04 April, 2019

#BookReview :: Death and Daisies (A Magic Garden Mystery #2) by Amanda Flower

Fiona Knox thought she was pulling her life back together when she inherited her godfather’s cottage in Duncreigan, Scotland—complete with a magical walled garden. But the erstwhile Tennessee flower shop owner promptly found herself puddle boot-deep in danger when she found a dead body among the glimmering blossoms. One police investigation later (made a trifle less unpleasant by the presence of handsome Chief Inspector Neil Craig), and Fiona’s life is getting back on a steady, though bewitched, track. Her sister Isla has just moved in with her, and the grand opening of her new spellbound venture, the Climbing Rose Flower Shop in Aberdeenshire, is imminent.

But dark, ensorcelled clouds are gathering to douse Fiona’s newly sunny outlook. First, imperious parish minister Quaid MacCullen makes it undeniably clear that he would be happy to send Fiona back to Tennessee. Then, a horrific lightning storm, rife with terribly omen, threatens to tear apart the elderly cottage and sends Fi and Isla cowering under their beds. The storm passes, but then, Fi is called away from the Climbing Rose’s opening soiree when Kipling, the tiny village’s weak-kneed volunteer police chief, finds a dead body on the beach.

The body proves difficult to identify, but Kipling is certain it’s that of the parish minister. Which makes Fiona, MacCullen’s new nemesis, a suspect. And what’s worse, Isla has seemed bewitched as of late…did she do something unspeakable to protect her sister? The last thing Fiona wanted to do was play detective again. But now, the rosy future she’d envisioned is going to seed, and if she and Craig can’t clear her name, her idyllic life will wilt away in Death and Daisies, national bestselling author Amanda Flower’s second enchanting Magic Garden mystery.

This is my first experience of the world of cozy mysteries of Amanda Flower. Though second in the series, Death and Daisies can be read as a standalone.

Fiona Knox moves to the countryside in Scotland from Tennessee after her life there is turned upside down. Inheriting her grandfather’s cottage with a magical garden gives her a second chance and Fiona plans on starting over. But not everyone is happy to have Fiona there… On the day of the grand opening of her flower shop, the local parish minister who had seemed opposed to Fiona’s presence in the town is found murdered. Fiona’s new beginning at life is dampened when she becomes the prime suspect in the murder case. Her sister, Isla’s presence and weird behavior are not helping either. Will the very handsome Chief Inspector Neil Craig be able to solve the mystery and let Fiona get her second chance at life?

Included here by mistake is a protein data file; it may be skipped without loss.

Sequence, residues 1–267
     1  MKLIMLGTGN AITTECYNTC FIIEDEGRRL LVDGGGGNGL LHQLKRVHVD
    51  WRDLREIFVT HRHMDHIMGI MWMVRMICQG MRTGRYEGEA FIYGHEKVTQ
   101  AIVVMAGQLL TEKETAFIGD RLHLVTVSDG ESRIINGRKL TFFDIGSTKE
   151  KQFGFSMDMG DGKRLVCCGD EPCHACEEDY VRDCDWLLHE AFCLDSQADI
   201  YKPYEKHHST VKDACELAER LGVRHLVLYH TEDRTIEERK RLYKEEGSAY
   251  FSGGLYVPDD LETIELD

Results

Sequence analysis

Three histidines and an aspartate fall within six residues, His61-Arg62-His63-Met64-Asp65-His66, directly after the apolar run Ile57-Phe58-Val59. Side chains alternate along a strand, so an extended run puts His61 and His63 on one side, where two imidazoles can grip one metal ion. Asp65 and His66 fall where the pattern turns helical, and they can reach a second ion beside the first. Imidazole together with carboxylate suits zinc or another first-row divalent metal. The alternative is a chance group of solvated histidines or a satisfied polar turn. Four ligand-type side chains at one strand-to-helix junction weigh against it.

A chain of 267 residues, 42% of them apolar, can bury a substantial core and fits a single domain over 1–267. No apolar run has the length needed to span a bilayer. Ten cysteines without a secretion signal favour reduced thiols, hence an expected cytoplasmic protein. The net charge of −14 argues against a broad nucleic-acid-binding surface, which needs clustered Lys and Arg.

The author has done an amazing job of setting up the story in a countryside backdrop. The description of the setting is well done and I could imagine the Scottish scenery in my mind. It certainly helps the readers to ease into this cozy mystery. The major players in the story are well developed. I liked Fiona for most parts but was torn about Isla. There are some supporting characters that I really liked especially for their temperaments. As is usually the case with most cozy mysteries, the story rides on the back of the characters and their relationship dynamics. And, together the whole cast makes this book an interesting read.

The story flow is very smooth and I loved Amanda Flower’s story telling style that made me feel like I was right there with the characters. Her language is simple and affable that furthers the feel of the setting. For mystery buffs, it would be easy to identify the perpetrator halfway through the book, but that doesn’t take away from the reading experience at all. I am pretty sure that I am going to pick up the first book in this series… and I am definitely going to start on the ‘The Magical Bookshop’ series by the author. Will you join me for a read along?

Review Copy received via NetGalley

This post is a part of A to Z Challenge and BlogchatterA2Z


  1. I will try this for sure :-) A 4-star review for a crime fiction from you means it will be good! :D

  2. This is a truly cool book, not least since it was initially composed as a manual for conning at cards. real magic tricks